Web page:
Honestly, just learning you exist is a gut punch to a lot of us. Our grief muscle memory kicks in, and we instantly flash back to the early days of our own grief storm. I can remember being such a raw wound I couldn’t think straight. Back then another widow reached out to me. She knew that I wouldn’t answer the phone or respond to a message, so she showed up at my front door. (For the record, we already knew each other, so this wasn’t a random stranger showing up at my house). She’d lost both her dad and her husband in a very short time frame, just like me. Out of all the people that tried to get through to me, Julie was the only person that was able to because my heart recognized that she KNEW and UNDERSTOOD what I was feeling. Not sure that I’d describe it as widow street cred, but she’d walked the same streets of this new hell, so I guess it could be.
So when I get the news that another woman has joined the W Club, I give myself time to deal with the tightening in my belly and my chest and allow the grief wave to crash over me. I cry for both of us. I cry for the loves we lost. And then I brace myself to extend a hand and unwelcome her to this new reality.
I’ve read a lot of articles and posts about death after Facebook. Thanks to the digital world we now live in, you can live on forever in the interweb. In the immediate weeks following his death (F@#$ you cancer), many used his profile as a way to collectively grieve. I was one of them. I spent days scrolling through years of photos and posts that documented every random thought he’d had. I received messages and stories from his friends, all of which were lovingly saved into a document for his future grandchildren. But as time passed, I became one of the few to ever post anything on his wall. Facebook Memories became a daily assault on my healing heart. It became something I dreaded looking at. And we can’t forget about the people who’d wish him a happy birthday, or ask him for something, that I’d have to inform that he’d died. Super fun for me.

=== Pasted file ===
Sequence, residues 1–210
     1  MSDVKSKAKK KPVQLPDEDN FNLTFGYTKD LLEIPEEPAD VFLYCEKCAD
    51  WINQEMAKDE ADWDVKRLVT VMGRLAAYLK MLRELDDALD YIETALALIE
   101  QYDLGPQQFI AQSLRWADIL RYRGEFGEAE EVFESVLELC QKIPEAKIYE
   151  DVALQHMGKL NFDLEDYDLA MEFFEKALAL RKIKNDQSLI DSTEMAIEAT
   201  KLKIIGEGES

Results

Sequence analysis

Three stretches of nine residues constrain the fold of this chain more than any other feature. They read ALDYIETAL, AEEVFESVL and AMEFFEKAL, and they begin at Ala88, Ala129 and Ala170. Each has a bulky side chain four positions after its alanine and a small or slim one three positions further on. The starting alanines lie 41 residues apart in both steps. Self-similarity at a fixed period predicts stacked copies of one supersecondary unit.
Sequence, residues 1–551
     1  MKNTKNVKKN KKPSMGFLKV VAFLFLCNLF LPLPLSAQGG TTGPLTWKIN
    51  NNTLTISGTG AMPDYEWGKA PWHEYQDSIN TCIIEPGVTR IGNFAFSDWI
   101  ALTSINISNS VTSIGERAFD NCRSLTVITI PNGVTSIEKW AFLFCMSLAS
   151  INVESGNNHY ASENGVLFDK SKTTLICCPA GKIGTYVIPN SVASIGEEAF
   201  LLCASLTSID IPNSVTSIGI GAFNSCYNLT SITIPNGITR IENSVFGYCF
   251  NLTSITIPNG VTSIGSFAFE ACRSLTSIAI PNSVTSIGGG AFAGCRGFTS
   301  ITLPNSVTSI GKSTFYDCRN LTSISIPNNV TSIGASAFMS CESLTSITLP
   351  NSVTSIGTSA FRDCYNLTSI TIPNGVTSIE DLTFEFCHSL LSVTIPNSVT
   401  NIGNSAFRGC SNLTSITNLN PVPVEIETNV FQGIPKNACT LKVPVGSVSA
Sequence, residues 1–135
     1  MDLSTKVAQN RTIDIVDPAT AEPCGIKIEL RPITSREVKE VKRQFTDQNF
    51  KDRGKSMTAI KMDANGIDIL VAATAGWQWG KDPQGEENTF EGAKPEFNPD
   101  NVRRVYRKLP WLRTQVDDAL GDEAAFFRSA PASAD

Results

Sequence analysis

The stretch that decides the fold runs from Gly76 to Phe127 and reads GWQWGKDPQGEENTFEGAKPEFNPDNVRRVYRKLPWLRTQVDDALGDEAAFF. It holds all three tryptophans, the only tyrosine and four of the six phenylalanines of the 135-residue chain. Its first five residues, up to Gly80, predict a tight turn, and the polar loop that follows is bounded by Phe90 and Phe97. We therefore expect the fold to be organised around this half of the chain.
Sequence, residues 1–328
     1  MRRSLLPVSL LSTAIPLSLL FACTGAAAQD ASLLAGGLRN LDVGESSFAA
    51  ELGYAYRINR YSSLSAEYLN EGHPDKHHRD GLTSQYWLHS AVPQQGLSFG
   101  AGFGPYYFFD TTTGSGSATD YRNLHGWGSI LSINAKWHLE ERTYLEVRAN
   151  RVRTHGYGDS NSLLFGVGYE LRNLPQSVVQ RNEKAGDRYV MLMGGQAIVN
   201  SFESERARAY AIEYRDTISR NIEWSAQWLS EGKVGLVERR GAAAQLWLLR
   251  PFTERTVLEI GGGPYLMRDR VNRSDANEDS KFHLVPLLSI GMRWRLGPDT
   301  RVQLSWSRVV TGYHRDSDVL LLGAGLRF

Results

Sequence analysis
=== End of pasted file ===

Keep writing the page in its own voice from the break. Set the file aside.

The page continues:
Before he died, Dan added me as his Legacy Contact to make the decision on what to do with his Facebook profile. (Twitter and LinkedIn don’t have that option so required death certificates). For the last few months I’ve felt that it was time for his profile to come down. After consulting with family, my grief counselor and other W’s, I felt surer of my decision. I don’t need a Facebook Memory to remember him, or the amazing life we shared together. And if you were an active part of his life, you don’t either.
So, since I’d had his entire profile printed out with the help of My Social Book (for future grandchildren), I took his profile down this week. Dan Bain, you may finally rest in digital peace. ❤️
The Wandering Widow
P.S. For those of you who are freaking out right now, the Dan Bain Memorial Scholarship page will remain active.
On my recent adventure down the Snake River in a kayak, I spent a lot of hours fighting the wind and the current. I’d lost my momentum and kept getting spun around and around. I started to panic when I realized I was the last of our group and falling even further behind. So naturally, I fought even harder, which didn’t do anything but tire me out faster.
I stopped fighting to control where I was going and started laughing when I realized I was stuck in my favorite grief recovery metaphor. For the better part of the last six months, I’ve reminded myself that I need to go with the flow. That if I untie myself from the pier and stop fighting the current, the river will carry me where I need to go. It’s something I work on daily. (Recovering control freak, remember)?